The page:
IRC Coordinates Collaborative Effort to Promote Visual Health
On July 28, 2012, the IRC in Baltimore, working with several community based organizations and student groups at the Hopkins School of Medicine, held a free clinic for vision health within the Frankford Community in east Baltimore. The IRC health team, volunteer medical students, and a local opthamologist provided free vision screenings to ninety-nine people from the local community, many of whom were uninsured or underinsured. The IRC health team is now coordinating free follow-up care at the Hopkins Wilmer Eye Clinic for thirty participants who identified vision health needs at the event.
This outreach was successful due to the effective partnership between several groups in the Baltimore area: Hopkins Education Across Languages (HEAL), Hopkins “Sight Savers,” the Episcopal Refugee and Immigrant Center Alliance (ERICA), the IRC Health Team, the IRC Community Interpreters program, and the Goodnow Community Center.
Ten volunteers from the aforementioned organizations as well as nine community interpreters collaborated to plan and conduct the event. Volunteers helped with food and logistics during the event. Medical students from Hopkins set up five separate stations to check five aspects of vision health, with an interpreter at each station.
The project was coordinated by IRC Health Advocate Karine Nankam and Will Herbert, a summer intern with the Health team. For two months leading up to the event, Health Promotion intern Will Herbert worked with case managers, ESL instructors, and community leaders, to contact families and discuss their vision health. During the course of his home visits and case management work, Will helped families plan to attend this event.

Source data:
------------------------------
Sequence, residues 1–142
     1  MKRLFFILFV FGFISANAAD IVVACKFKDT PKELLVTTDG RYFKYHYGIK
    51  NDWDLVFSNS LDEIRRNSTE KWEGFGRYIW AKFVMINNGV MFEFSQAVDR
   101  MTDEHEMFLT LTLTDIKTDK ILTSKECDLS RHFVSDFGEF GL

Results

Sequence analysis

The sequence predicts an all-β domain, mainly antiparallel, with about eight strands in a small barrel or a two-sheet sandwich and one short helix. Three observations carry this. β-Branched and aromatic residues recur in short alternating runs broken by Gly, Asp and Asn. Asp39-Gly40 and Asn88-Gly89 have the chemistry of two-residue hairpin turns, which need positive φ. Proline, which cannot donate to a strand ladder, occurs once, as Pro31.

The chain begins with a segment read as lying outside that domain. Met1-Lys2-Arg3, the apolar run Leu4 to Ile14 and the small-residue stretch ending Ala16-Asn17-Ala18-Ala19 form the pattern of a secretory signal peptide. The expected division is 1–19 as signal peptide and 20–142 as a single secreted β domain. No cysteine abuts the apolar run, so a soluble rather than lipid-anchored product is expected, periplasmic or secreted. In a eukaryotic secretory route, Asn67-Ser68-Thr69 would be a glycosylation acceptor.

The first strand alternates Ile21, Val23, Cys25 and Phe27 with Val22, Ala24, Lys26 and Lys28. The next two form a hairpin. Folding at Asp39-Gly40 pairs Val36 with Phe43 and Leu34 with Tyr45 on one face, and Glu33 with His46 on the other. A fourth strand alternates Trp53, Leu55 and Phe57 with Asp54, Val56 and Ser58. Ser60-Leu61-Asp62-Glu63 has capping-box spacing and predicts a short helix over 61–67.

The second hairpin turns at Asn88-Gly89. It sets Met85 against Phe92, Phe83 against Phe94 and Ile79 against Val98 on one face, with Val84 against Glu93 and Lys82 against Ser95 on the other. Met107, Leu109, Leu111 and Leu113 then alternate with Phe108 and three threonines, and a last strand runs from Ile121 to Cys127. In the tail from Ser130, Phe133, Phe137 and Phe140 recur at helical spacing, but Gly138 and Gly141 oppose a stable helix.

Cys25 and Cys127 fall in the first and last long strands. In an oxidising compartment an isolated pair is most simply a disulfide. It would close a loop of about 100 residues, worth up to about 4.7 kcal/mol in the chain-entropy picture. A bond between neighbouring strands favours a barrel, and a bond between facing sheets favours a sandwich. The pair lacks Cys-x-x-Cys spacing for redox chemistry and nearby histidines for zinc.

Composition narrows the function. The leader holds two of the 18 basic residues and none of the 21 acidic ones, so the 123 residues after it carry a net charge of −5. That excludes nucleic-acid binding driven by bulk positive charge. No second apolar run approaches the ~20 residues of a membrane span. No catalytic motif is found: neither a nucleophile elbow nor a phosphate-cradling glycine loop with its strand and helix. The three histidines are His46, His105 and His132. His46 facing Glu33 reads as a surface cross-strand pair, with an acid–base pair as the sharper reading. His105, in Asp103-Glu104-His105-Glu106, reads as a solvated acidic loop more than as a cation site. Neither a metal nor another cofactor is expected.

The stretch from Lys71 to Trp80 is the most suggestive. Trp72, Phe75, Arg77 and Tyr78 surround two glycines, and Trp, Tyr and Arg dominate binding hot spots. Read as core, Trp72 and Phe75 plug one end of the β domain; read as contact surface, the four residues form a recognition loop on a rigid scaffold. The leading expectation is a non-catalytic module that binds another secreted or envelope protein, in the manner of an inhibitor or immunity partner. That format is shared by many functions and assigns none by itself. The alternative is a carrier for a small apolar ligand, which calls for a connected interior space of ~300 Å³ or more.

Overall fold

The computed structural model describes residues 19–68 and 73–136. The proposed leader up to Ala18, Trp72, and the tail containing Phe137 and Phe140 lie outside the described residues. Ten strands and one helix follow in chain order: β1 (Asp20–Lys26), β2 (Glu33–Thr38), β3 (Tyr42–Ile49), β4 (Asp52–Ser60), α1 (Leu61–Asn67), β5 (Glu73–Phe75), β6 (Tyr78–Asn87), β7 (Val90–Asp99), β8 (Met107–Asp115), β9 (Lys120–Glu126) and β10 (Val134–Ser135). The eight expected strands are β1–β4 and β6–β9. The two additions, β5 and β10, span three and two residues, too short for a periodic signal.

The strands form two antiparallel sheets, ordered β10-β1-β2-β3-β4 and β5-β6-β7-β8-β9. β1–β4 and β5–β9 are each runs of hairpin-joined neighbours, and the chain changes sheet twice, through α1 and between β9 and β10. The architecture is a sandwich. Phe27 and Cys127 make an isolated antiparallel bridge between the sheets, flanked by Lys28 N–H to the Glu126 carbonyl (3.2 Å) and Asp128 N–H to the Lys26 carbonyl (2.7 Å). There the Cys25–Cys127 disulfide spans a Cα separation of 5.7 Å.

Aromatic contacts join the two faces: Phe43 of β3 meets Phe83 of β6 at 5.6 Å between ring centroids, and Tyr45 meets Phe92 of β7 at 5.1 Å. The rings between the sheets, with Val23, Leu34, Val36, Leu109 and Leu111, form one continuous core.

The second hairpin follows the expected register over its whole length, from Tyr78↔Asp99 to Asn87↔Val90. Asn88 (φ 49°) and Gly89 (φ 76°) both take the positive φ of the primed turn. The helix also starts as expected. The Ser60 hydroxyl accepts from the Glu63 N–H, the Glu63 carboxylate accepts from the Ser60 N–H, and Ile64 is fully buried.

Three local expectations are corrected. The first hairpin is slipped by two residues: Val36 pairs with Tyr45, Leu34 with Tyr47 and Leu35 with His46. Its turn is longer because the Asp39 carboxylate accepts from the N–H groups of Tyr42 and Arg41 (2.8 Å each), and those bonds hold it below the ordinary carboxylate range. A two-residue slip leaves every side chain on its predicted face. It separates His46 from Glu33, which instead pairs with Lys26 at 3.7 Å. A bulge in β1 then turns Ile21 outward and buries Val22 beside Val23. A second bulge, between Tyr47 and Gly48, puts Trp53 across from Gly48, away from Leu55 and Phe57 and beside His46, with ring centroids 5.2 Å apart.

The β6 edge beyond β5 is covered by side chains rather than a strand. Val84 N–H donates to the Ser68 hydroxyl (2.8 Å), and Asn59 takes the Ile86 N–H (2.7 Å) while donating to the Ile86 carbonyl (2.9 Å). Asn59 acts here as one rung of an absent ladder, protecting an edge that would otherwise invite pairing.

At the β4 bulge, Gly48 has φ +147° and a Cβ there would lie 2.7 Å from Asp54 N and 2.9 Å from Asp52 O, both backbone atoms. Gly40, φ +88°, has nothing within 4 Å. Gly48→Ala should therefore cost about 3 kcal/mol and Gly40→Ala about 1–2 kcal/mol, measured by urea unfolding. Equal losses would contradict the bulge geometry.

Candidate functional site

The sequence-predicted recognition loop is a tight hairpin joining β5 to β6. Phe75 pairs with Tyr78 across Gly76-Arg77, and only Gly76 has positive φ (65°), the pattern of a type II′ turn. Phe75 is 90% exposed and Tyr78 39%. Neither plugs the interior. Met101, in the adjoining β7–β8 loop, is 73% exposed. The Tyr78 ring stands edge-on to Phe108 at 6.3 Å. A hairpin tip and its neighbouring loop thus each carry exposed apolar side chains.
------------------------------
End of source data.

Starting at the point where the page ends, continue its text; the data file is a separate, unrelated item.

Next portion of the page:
Karine Nankam and the IRC health team facilitated communication between the partnering organizations, developed materials to support the activities, and coordinated the follow-up appointments for each client screened at the event.
The IRC health team pre-registered 60 people for this event, but due to the high number of walk-ins on the day of the event, the clinical staff and volunteers agreed to stay additional hours, in order to provide screenings for a total of 95 people. Volunteers at the event collected contact information for the additional walk-ins who could not be seen, to invite them to a workshop being planned for later this year.
The clinical staff at the event noted that the percentage of participants needing follow-up visits was greater than the average identified in other settings, indicating that these screenings will proactively address a high number of vision health issues.
Karine and the IRC health team will be working closely with the Wilmer Eye Institute to ensure that all clients attend their follow-up appointments. Many will receive free eye-glasses. Those who were diagnosed with glaucoma may receive free surgery at Wilmer. The health team is also assisting clients who could not be seen at the event, to apply for health insurance and schedule eye exams.
Ms. Nankam noted that this event raised awareness within the community on the importance of preventive eye exams. In addition, the medical students who operated the screening stations gained experience working with the refugee and asylee community.
Nankam stated “this event emphasized the great need for appropriate eye care within our clients' community.” Noting the large turnout at the event, Karine added, “this was an invaluable opportunity to get otherwise inaccessible specialty vision care.”
Gloria Jenkins, Director of the Goodnow Community Center stated she was “happy to see a diverse group of community members at this event.” Barbara Jackson, President of the Frankford Improvement Association, was also present at the event, and stated that she was pleased to see so many members of the community receiving care.